23 Responses to The soul of the Empire

  1. Well written. As always, you do a great job of presenting something that makes us analyze design from different perspectives. I think like most everyone else, the flame logo grabs you with an aesthetic punch, making it seem like the obvious choice. But then your support of the chosen branding is spot on. My only concern is readability. Not that the characters are hard to read (it’s fun to decipher those), but every time I read it as sochi.ru and then 2014. (I recall that it is supposed to be read as sochi2014.ru). That said, I just entered sochi.ru in my browser, and that takes me where I want to go . . . so all is well after all.

  2. Caroline says:

    I actually don’t mind the logotype at all; what irks me are those “flakes.” They look to me like cheap, airbrushed t-shirt art. I wish they could have used the flake conceit in a little bit softer way, as a counterpoint to the burly type.

  3. Gary Annett says:

    Very interesting article, John. I’m surprised your affection for the Transformer Studio logo waned so quickly. You sounded crushed in the original article when it wasn’t chosen!

    Admittedly, I still have an affinity for the it — I wish I could create such beautiful “clip art” — but the reasons you delineated make sense. The symbol has to stand on its own, and it doesn’t when you take away the name of the host city. This one is the name.

    However, I would never make an Olympic logo a web site address, but that’s me.

    It’s interesting to see that the Sochi Paralympics logo on the top right-hand side of the site replaces the Olympic rings with symbols akin to the blades of people’s ice skates.

  4. Bryce Buchanan says:

    I agree with you, John, for the same reasons. This logo represents Russia better than the firebird logo.

    One comment about the website aspect of the logo. It could be because I’m used to using only “.com,” but I didn’t read that as a website at first. I read it as more of a postal code.

    Sochi, RU

    It’s letting people know that these Olympic games will be in Russia, which is a big deal.

  5. Perspicacious as always . . . :-) Of course, I say that at least in part because I agree with the analysis. Like I said originally, the reflection hovers just this side of gimmicky, but it does work. It is definitely Russian, and it just as definitely says where and when and “winter.”

  6. Paul S says:

    OK, maybe it’s me . . . doesn’t anyone see it?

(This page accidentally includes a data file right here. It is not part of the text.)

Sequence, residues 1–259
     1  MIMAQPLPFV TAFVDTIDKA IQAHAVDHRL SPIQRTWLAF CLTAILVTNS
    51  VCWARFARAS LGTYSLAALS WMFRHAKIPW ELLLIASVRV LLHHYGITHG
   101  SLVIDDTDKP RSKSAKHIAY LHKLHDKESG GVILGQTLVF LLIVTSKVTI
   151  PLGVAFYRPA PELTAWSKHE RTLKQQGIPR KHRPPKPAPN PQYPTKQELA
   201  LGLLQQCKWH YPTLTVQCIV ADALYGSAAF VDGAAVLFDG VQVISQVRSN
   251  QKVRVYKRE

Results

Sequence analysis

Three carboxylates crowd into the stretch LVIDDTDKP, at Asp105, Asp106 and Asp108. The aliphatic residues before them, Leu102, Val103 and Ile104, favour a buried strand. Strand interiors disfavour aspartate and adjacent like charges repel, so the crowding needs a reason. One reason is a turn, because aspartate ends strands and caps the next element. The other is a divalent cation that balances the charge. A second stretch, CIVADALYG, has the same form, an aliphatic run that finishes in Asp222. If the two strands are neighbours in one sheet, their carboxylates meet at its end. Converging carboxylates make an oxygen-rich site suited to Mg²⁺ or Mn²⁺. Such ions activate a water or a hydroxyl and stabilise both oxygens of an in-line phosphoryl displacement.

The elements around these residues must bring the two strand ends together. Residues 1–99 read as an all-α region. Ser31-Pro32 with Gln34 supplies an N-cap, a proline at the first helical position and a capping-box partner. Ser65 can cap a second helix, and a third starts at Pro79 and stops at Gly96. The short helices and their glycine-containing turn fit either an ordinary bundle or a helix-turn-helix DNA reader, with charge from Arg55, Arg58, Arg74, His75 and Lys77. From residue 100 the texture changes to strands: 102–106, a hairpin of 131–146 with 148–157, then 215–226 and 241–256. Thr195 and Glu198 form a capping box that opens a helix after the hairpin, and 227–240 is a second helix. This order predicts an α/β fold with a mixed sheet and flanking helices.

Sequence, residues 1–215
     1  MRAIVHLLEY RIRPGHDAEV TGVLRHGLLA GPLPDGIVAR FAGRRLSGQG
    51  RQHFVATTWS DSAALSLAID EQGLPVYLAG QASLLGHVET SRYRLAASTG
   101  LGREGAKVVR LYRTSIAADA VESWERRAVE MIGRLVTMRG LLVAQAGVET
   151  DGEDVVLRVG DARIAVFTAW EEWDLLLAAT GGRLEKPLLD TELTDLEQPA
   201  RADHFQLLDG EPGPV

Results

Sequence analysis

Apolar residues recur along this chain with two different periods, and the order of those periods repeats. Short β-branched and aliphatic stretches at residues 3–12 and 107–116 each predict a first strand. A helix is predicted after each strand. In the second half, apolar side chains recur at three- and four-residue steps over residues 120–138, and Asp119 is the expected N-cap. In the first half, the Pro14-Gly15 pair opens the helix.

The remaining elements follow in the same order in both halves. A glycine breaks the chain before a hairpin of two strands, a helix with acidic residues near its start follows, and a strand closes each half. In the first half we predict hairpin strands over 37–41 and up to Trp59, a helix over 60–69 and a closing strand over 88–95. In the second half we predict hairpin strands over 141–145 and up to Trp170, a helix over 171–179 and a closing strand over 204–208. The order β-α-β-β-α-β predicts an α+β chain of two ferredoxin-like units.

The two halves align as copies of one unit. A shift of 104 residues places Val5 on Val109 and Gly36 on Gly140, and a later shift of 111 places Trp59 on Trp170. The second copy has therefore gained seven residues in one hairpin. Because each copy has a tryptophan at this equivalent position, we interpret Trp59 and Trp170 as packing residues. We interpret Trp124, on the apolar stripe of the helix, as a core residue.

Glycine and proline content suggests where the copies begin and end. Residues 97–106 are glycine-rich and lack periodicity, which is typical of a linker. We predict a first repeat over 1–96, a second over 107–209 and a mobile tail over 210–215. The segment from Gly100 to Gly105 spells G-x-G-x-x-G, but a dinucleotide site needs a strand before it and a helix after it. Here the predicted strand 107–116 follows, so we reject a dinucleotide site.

The letters “hi” in sochi and the numbers “14” are an inverse mirror image of the word “hi.”

    like . . . hello.

  7. Hi John,
    I like the way you analyze design works. It’s helpful for learners. It shows “how an artist looks at the details in design.” The word “14” lacks balance. The red bird can be more expressive if designer like you have showered artistic touches upon it. Happy holidays !

  8. Judy Robertson says:

    John, if only the website read easier, I would agree 100%. It violates my #1 rule . . . KISS. My designer eyes wants to swap the .ru with the rings.

  9. George Kalcheff says:

    I, too, agree with John’s argument. The fire circle logo is too trite and fails to reach out for the younger audience. It is in many ways a thing of the past — stale, conservative, predictable. I quite like the Interbrand logo — it’s modern, fresh, and it will generate the necessary web traffic (advertising). I did check the website — it will be clever to make Sochi.com and Sochi2014.com interlink better and provide the navigation clearly in English, as this is what most of us will expect. I am not that sure about the games’ website as it currently stands — it will need some revamping, as it’s too cluttered at the moment.

  10. Volker says:

    Viewers will not analyse it the way that designers do. You can give me all the rational reasons why the sochi logo is the right one, but as I write this, I’m still confused with remembering the name, and it doesn’t “grab” me. Which translates into retention.

    It’s the Olympics first, country second. The firebird one has life, and I said “wow” when I first saw it. If I was there as a visitor, I’d want it for a souvenir.

    I like it for these reasons. You like the other for your reasons. In other words, either logo “works” for the public. Que sera, sera!


  11. Nastya says:

    At a glance, chosen logo remind me USSR’s design. In this way it is associated with Russia now, strong, cold and severe. If designers wanted to reach such a goal, they’ve done it well.

    But as for me, present-day designers in Russia and in other countries close to it can’t forget Soviet-design-style and sometimes can’t get rid of it.

  12. Jennifer P. says:

    Isn’t a logo supposed to grab you like an electric punch? The chosen Sochi logo still doesn’t do a thing for me.